An expert determination is a unique subset of dispute resolution methods, the usage of which appears to be on the rise in Ontario in respect of a myriad of different commercial arrangements. Given that we frequently see expert determinations in the context of construction and infrastructure projects, the manner in which these decisions (as well as related procedures) are considered by the judiciary is of particular importance.

In this article, we consider a recent decision on expert determinations in the context of commercial leasing arrangements. Specifically, in KMH Cardiology Centres Inc. v. Lambardar Inc., 2022 ONSC 7139, the Ontario Superior Court held that experts could determine questions of mixed fact and law, or even questions of law, if parties to a contract have clearly given that expert the authority to do so. Below, we discuss some of the implications of providing experts with this authority in the context of construction industry disputes.


KMH Cardiology Centres Incorporated (“KMH”) is one of Canada’s largest providers of nuclear cardiology services, and was founded by Vijay Kanmar (“Kanmar”). KHM leased three office properties from the respondent, Lambardar Inc. (“Lambardar”), which was also owned by Kanmar and his wife (the “Original Leases”).

Kanmar subsequently sold KMH, and in the course of this sale, new leases for three of the properties were negotiated and signed as part of the transaction whereby Kanmar sold KMH to independent, third-party owners (the “New Leases”). In that regard, the executed New Leases were the product of arms’ length negotiations among sophisticated and well-represented parties. For the purposes of this article, the relevant provisions of each of the New Leases are the same.

Specifically, in relevant part, each New Lease contained language that required Lambardar (as landlord) to estimate KMH’s (as tenant) share of operating costs for the leased property at the beginning of each year. KMH was then required to pay one-twelfth of that total estimated amount each month to cover its operating cost share for that year. At the end of each year, Lambardar would then provide a statement reconciling the actual costs incurred in the year against the initial estimate; in the result, either KMH would pay Lambardar for any shortfall or Lambardar would repay any surplus to KMH.

Following the execution of the New Leases, the parties were unable to agree on the proper calculation of operating costs for the 2017 to 2020 fiscal years. In particular the parties disagreed as to three things: (1) whether the area of the basements on two of the properties should be included in the calculation of the gross leasable office area of the buildings; (2) whether Lambardar was entitled to charge a 15% administration fee on taxes; and (3) whether Lambardar was entitled to charge for the services of its site supervisor provided through a separate corporation.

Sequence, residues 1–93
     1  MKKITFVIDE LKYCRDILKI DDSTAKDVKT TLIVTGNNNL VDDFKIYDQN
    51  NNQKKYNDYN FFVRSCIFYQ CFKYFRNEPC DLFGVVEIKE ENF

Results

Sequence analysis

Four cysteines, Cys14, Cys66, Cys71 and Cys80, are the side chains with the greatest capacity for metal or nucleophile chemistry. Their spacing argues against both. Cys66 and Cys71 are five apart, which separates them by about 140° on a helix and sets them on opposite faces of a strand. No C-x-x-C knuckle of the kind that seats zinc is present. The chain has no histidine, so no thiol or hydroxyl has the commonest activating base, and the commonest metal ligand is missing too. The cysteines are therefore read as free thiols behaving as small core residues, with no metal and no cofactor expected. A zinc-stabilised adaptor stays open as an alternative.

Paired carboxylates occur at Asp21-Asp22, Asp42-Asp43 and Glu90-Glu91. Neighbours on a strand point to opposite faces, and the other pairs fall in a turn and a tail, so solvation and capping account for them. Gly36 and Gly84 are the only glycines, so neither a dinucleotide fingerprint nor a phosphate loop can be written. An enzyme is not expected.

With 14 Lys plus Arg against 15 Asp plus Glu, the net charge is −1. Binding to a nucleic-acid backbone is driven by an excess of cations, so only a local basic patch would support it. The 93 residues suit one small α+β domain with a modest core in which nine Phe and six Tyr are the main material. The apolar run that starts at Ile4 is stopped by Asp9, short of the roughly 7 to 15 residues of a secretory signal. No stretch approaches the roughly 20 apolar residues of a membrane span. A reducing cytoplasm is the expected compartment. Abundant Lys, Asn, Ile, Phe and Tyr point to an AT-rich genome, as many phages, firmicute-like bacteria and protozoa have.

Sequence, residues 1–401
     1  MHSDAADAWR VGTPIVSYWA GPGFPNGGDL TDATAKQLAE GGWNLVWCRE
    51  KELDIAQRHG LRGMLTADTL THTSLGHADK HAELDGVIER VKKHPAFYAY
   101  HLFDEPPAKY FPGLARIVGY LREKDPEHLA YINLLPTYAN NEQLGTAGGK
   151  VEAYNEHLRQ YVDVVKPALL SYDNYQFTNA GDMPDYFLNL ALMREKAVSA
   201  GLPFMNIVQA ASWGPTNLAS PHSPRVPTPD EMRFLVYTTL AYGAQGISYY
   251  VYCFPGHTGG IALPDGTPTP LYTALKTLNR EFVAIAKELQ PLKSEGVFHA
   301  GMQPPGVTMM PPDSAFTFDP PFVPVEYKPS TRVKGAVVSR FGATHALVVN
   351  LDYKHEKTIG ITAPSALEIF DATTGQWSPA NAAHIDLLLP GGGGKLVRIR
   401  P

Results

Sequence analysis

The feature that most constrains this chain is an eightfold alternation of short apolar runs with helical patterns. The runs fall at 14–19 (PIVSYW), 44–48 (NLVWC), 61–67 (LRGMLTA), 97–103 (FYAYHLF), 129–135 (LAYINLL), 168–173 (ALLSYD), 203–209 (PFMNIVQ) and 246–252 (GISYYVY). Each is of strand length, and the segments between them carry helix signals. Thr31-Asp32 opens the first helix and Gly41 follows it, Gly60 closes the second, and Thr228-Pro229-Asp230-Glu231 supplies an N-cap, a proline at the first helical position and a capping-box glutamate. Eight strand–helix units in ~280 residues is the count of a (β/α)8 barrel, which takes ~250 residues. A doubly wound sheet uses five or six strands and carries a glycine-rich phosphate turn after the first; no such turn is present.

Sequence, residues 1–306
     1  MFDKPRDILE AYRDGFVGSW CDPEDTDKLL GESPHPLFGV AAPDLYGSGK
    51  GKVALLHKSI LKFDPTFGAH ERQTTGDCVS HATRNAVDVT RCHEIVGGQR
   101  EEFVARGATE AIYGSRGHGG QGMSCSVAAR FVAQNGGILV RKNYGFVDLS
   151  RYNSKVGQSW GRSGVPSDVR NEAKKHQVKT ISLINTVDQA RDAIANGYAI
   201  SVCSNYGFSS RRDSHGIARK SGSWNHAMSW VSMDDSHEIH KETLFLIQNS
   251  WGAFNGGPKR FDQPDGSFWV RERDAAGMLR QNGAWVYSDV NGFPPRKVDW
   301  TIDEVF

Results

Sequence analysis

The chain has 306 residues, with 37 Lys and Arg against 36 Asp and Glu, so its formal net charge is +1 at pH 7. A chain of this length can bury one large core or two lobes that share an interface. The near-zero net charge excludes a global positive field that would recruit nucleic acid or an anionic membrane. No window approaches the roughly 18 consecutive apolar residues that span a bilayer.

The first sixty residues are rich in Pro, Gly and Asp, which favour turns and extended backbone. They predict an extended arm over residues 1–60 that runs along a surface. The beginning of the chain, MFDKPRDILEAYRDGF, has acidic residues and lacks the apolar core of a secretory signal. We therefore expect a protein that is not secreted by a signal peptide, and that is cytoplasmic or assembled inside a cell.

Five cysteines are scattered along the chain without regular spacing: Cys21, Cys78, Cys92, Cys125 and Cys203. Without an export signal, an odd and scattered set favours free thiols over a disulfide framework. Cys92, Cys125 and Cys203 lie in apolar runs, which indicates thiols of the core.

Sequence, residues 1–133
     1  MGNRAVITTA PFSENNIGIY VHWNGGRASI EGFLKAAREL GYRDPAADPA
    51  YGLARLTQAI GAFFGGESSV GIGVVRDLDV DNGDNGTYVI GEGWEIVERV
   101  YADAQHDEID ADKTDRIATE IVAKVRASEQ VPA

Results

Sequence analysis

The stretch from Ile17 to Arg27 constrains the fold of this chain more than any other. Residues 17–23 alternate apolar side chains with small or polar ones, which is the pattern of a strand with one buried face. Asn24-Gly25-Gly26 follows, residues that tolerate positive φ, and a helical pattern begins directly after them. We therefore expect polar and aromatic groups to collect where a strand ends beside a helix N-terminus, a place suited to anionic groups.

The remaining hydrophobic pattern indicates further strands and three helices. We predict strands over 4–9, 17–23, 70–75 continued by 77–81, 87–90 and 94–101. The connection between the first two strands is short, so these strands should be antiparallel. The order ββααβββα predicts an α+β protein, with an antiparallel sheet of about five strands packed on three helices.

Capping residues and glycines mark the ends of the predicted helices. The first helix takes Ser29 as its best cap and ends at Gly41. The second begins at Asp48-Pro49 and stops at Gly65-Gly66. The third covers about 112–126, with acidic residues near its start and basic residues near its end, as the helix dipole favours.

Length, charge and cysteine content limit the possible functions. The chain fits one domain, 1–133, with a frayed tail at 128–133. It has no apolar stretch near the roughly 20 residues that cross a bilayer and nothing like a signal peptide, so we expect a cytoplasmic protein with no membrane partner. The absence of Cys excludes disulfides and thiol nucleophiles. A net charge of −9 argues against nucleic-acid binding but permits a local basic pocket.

All of the New Leases contained a term providing that any dispute concerning the accuracy of Lambardar’s reconciliation statement would be referred to an “independent professional consultant” who would be “qualified by education and experience to make such decision”:

If Tenant disputes the accuracy of any Statement, Tenant shall nevertheless make payment in accordance with the Statement, pending resolution of the dispute, but, subject to Section 4.8, the disagreement shall be referred by Landlord for prompt decision to an independent professional consultant approved by the Tenant, acting reasonably, who is qualified by education and experience to make such decision and who shall be deemed to be acting as an expert and not an arbitrator. The consultant’s signed determination shall be final and binding on both Landlord and Tenant. Any adjustment required to any previous payment made by Tenant or Landlord by reason of any such determination shall be made within fourteen (14) days thereof, and the party required to pay such adjustment shall bear all costs of the consultant, except that if the amount to be paid is three percent (3%) or less of the amount in dispute, Tenant shall pay all such costs. [Emphasis added.]

In other words, if KMH had an issue with the accuracy of the reconciliation, it still had to pay in accordance with the reconciliation; however, Lambardar was required to refer the disagreement to an “expert” properly qualified by education and experience, who was to be approved by KMH, for a prompt decision.

In turn, a further provision of the New Leases provided KMH with the right to require Lambardar to provide reasonable backup information for the claimed operating costs utilized in the reconciliation. If KMH was dissatisfied with the accuracy of the backup, it had the right to have its own accountant or auditor attend at Lambardar’s office to conduct an audit, and if such audit did not resolve a dispute, then said dispute would be resolved by the same expert referred to above.